“Is My Child Entitled to an IEP?” It Depends.
Your child may be entitled to special school services under the Individuals with Disabilities Education Act (IDEA), but ADHD alone does not merit an IEP. Learn why a 504 Plan is often implemented instead.
Two federal laws require public schools to provide additional educational services to children who need them — at no cost to parents.
To qualify under the Individuals with Disabilities Education Act (IDEA), a child must meet the criteria for one of 13 specific disability categories. Attention deficit disorder (ADHD) is not one of these categories, but your child may be eligible if he’s also affected by one of the specified conditions, which include learning disabilities and developmental delays. Or he may qualify under IDEA’s “Other Health Impairment” category.
In either case, having ADHD (or LD) alone doesn’t guarantee eligibility for special services. To qualify for an IEP or 504 for ADHD, the disorder must substantially affect a child’s ability to function in school.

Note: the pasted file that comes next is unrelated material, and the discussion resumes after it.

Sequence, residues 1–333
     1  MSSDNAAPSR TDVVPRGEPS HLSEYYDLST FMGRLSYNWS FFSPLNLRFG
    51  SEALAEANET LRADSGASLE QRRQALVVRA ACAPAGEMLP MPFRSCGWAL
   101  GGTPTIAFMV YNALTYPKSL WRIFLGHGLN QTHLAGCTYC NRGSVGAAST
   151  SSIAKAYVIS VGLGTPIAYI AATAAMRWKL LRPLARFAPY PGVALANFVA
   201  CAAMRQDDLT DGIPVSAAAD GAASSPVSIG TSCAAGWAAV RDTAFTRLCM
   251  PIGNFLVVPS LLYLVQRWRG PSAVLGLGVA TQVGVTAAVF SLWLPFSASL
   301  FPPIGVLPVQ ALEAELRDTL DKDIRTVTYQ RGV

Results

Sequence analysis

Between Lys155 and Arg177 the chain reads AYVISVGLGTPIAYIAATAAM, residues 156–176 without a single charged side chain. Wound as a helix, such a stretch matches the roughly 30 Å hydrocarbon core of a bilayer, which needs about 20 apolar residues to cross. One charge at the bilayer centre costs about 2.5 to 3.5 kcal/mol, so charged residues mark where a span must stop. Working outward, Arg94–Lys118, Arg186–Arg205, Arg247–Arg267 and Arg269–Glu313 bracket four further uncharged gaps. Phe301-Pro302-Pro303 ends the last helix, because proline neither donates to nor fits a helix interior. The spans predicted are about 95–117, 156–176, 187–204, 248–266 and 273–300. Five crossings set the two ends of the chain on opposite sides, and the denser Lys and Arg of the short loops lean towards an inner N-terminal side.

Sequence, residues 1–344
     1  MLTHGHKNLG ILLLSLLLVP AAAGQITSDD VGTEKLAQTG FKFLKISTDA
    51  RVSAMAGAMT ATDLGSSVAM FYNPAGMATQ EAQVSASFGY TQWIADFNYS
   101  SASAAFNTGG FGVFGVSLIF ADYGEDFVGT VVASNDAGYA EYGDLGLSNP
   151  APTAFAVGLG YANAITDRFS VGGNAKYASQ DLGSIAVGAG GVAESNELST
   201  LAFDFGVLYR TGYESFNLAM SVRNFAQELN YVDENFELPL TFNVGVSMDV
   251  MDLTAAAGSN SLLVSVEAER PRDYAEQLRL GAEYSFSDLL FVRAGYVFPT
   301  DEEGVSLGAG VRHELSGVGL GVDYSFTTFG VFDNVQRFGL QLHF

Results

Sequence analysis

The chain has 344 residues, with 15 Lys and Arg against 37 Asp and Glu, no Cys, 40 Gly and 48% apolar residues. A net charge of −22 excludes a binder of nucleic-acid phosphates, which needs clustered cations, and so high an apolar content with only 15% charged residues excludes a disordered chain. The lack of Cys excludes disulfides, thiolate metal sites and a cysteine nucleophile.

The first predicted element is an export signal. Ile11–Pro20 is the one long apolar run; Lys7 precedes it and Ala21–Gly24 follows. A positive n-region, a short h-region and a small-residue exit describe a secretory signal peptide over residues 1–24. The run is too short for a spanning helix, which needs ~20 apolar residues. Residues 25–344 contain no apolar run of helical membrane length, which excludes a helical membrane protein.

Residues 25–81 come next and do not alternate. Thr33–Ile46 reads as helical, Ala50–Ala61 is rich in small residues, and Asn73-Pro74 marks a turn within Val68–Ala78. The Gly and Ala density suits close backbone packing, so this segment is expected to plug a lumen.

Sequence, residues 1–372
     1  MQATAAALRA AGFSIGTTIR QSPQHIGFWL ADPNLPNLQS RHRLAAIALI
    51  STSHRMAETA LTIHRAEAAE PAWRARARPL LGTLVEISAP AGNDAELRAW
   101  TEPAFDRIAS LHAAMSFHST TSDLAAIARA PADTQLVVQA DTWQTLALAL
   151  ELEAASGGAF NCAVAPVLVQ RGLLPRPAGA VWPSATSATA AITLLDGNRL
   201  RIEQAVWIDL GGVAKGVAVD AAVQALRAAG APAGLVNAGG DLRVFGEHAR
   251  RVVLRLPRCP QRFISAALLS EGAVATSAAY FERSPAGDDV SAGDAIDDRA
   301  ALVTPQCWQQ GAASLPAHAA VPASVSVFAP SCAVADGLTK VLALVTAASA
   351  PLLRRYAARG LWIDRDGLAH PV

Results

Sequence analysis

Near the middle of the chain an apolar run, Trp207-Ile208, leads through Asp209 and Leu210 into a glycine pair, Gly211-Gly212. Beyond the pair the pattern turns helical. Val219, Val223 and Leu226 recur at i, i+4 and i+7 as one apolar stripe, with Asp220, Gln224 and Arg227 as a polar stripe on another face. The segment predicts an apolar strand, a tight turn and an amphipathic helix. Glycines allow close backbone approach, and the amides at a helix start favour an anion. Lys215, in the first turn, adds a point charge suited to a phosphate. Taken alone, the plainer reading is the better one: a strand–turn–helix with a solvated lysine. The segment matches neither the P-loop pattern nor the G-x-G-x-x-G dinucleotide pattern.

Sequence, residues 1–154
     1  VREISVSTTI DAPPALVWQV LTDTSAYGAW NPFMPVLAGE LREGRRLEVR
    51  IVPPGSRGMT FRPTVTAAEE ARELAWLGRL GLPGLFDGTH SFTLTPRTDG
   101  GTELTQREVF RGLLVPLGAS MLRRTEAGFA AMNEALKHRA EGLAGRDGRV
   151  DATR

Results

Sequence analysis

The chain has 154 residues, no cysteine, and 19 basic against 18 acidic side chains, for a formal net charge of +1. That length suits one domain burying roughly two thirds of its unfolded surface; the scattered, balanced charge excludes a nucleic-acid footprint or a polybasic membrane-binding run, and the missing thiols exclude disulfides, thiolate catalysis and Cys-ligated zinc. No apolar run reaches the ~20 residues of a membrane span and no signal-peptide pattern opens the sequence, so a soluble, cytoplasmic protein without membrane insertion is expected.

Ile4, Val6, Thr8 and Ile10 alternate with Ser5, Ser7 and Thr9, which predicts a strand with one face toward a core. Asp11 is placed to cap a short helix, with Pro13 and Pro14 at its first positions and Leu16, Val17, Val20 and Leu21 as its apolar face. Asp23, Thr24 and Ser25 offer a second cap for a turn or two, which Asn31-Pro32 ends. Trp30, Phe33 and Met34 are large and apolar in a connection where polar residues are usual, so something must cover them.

What Your Child Is Entitled to Under IDEA
Children who qualify under IDEA are entitled to special education services, including individual instruction by education specialists. Parents, teachers, and other school staff work together to develop an Individualized Education Program (IEP).
An IEP is a plan for the delivery of special education and related services. It should describe the child’s learning problems, detail the services to be provided, set annual goals, and define how progress will be measured. By law, parents have the right to ask for changes to the plan.
What Your Child Is Entitled to Under a 504 Plan
The other federal law providing educational support is Section 504 of the Rehabilitation Act of 1973. It guarantees certain rights to people with disabilities, including access to a “free and appropriate public education” (also called FAPE).
If ADHD symptoms “substantially limit” a child’s ability to learn, he is entitled to Section 504 services.
Usually, services included in a 504 Plan involve accommodations in the classroom — like extra time to complete assignments. But the plan may also include the use of assistive technology, such as computer-aided instruction, or access to therapy. There are no legal requirements about what a 504 Plan should include, and the school isn’t required to involve parents in developing it (although many schools do).